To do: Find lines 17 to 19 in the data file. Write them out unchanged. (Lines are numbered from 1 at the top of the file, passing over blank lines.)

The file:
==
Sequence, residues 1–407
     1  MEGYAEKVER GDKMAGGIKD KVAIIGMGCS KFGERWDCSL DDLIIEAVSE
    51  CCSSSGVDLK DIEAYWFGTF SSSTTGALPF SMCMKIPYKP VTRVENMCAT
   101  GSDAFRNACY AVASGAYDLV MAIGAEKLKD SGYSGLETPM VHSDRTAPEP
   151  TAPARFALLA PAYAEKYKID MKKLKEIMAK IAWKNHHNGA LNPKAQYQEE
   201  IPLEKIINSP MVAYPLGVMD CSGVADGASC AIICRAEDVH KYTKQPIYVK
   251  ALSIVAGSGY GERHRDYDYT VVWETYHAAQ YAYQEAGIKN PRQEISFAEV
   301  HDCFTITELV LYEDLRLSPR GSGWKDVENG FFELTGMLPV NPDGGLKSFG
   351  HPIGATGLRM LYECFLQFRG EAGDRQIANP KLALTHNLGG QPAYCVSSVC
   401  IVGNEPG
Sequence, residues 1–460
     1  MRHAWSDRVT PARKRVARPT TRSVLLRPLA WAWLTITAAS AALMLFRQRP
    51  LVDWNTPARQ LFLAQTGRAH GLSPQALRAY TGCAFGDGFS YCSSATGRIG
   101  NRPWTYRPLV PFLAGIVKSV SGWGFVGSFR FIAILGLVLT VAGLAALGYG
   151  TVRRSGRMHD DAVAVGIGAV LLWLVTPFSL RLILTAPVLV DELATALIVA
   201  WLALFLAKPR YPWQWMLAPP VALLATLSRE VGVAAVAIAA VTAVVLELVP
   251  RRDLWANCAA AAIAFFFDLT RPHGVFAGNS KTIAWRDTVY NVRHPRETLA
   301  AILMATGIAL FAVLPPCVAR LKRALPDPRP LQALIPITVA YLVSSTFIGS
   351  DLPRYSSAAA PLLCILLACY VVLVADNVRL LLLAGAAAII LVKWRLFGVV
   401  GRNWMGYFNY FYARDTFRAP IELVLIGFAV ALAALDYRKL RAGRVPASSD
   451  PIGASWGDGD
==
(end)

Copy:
   251  RRDLWANCAA AAIAFFFDLT RPHGVFAGNS KTIAWRDTVY NVRHPRETLA
   301  AILMATGIAL FAVLPPCVAR LKRALPDPRP LQALIPITVA YLVSSTFIGS
   351  DLPRYSSAAA PLLCILLACY VVLVADNVRL LLLAGAAAII LVKWRLFGVV